Interpretation, Section Notes, and Chapter Notes, as adopted and 
implemented by the Parties in their respective tariff laws;
    (j) Heading. ``Heading'' means the first four digits in the tariff 
classification number under the Harmonized System;
    (k) HTSUS. ``HTSUS'' means the Harmonized Tariff Schedule of the 
United States as promulgated by the U.S. International Trade 
Commission;
    (l) Identical goods. ``Identical goods'' means goods that are the 
same in all respects relevant to the rule of origin that qualifies the 
goods as originating goods;
    (m) Indirect material. ``Indirect material'' means a good used in 
the production, testing, or inspection of another good in the territory 
of one or both of the Parties but not physically incorporated into that 
other good, or a good used in the maintenance of buildings or the 
operation of equipment associated with the production of another good 
in the territory of one or both of the Parties, including:
    (1) Fuel and energy;
    (2) Tools, dies, and molds;
    (3) Spare parts and materials used in the maintenance of equipment 
or buildings;
    (4) Lubricants, greases, compounding materials, and other materials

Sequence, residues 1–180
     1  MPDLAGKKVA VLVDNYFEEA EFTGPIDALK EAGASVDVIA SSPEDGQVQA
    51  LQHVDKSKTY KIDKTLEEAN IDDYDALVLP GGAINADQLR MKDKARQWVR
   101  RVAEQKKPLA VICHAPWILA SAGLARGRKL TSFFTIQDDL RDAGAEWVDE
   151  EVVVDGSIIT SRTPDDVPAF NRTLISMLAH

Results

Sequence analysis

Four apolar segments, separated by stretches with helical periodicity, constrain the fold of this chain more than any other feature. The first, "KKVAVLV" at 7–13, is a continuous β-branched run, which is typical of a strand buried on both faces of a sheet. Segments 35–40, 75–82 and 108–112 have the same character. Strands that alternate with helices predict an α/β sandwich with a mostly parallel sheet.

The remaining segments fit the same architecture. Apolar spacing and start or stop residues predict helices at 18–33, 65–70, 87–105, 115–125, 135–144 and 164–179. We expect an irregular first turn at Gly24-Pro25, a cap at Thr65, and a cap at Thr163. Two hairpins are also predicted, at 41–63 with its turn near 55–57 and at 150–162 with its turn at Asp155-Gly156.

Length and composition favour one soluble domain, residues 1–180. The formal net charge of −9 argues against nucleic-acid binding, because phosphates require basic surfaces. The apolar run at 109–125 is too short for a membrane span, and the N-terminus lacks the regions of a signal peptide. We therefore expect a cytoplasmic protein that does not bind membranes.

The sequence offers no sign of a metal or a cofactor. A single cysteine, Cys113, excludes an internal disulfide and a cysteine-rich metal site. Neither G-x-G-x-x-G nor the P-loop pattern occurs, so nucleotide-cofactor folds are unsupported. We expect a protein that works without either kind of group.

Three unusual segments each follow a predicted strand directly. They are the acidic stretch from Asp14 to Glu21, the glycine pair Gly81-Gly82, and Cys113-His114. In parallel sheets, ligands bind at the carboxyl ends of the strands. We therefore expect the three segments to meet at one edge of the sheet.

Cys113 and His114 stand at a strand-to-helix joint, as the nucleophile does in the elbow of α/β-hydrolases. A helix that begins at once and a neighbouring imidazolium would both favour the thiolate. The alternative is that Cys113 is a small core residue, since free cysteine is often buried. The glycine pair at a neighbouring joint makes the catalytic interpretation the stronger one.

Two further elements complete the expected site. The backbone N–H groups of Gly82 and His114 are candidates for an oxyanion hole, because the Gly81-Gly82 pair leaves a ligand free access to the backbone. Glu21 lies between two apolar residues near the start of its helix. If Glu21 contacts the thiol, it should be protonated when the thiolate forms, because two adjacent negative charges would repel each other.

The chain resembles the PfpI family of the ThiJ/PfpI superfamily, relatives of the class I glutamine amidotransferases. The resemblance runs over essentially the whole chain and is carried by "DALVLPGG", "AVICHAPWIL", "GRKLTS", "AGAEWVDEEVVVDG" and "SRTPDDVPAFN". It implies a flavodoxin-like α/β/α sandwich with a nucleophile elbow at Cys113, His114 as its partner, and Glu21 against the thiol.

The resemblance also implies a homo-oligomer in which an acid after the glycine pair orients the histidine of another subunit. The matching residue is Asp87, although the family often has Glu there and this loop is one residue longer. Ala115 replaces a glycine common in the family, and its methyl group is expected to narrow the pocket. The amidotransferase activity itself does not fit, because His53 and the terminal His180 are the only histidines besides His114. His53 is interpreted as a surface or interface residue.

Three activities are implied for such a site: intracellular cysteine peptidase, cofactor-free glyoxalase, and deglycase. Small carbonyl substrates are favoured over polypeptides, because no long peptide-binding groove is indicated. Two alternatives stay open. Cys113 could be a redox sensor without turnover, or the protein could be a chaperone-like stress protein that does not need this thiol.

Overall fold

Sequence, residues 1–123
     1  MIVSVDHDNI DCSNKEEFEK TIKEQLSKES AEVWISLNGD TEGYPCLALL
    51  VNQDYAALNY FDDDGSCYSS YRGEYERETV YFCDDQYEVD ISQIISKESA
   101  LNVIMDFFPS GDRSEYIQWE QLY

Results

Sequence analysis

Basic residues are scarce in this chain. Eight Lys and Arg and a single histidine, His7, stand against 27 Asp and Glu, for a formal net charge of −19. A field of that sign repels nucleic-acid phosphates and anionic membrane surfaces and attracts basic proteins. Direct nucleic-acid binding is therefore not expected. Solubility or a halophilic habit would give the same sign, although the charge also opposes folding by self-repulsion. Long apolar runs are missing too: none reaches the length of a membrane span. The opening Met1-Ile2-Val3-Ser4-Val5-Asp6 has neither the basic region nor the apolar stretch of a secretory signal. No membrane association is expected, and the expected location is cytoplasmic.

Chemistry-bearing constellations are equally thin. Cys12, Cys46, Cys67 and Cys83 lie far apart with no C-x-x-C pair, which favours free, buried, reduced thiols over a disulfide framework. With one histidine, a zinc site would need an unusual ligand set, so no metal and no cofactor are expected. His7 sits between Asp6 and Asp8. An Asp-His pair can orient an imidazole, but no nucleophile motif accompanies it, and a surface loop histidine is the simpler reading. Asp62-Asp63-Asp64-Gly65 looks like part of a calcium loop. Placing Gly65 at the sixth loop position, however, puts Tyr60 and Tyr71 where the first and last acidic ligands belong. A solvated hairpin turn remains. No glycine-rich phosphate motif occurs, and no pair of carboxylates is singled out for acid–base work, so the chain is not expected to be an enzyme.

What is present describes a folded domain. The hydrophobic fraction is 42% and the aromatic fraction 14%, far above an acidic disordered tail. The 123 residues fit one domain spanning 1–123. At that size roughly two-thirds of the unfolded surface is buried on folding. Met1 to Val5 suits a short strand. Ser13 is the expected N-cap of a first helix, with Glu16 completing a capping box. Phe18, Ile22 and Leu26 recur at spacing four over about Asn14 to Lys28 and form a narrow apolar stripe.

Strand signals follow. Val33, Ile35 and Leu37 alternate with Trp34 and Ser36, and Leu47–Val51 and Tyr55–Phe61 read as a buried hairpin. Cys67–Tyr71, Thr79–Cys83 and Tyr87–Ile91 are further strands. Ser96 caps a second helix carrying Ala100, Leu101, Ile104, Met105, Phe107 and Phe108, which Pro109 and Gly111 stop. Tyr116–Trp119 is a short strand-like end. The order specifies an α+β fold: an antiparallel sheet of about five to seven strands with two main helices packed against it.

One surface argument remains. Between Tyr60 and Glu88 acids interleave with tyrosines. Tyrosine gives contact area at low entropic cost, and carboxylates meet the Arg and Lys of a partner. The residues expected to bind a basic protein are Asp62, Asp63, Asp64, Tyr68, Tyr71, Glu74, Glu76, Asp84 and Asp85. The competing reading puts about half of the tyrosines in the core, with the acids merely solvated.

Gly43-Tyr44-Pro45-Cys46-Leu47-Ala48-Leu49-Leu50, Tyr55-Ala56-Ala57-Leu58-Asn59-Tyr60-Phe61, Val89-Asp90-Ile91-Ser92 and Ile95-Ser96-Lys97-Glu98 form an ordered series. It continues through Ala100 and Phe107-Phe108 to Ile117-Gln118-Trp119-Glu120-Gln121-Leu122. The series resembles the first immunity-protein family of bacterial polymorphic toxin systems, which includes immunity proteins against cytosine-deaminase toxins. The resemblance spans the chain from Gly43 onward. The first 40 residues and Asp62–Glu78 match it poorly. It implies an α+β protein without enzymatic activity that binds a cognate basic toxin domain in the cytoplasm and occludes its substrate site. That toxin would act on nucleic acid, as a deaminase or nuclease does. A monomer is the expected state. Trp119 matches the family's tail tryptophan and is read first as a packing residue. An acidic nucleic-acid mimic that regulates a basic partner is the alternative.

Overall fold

used in production or used to operate equipment or buildings;
    (5) Gloves, glasses, footwear, clothing, safety equipment, and 
supplies;
    (6) Equipment, devices, and supplies used for testing or inspecting 
the good; (7) Catalysts and solvents; and
    (8) Any other goods that are not incorporated into the other good 
but the use of which in the production of the other good can reasonably 
be demonstrated to be a part of that production;
    (n) Originating. ``Originating'' means qualifying for preferential 
tariff treatment under the rules of origin set out in Chapter Four and 
Article 3.3 of the PTPA, and General Note 32, HTSUS;
    (o) Party. ``Party'' means the United States or Peru;
    (p) Person. ``Person'' means a natural person or an enterprise;
    (q) Preferential tariff treatment. ``Preferential tariff 
treatment'' means the duty rate applicable under the PTPA to an 
originating good, and an exemption from the merchandise processing fee;
    (r) Subheading. ``Subheading'' means the first six digits in the 
tariff classification number under the Harmonized System;
    (s) Textile or apparel good. ``Textile or apparel good'' means a 
good listed in the Annex to the Agreement on Textiles and Clothing 
(commonly referred to as ``the ATC''), which is part of the WTO 
Agreement, except for those goods listed in Annex 3-C of the PTPA;
    (t) Territory. ``Territory'' means:
    (1) With respect to Peru, the continental territory, the islands, 
the maritime areas and the air space above them, in which Peru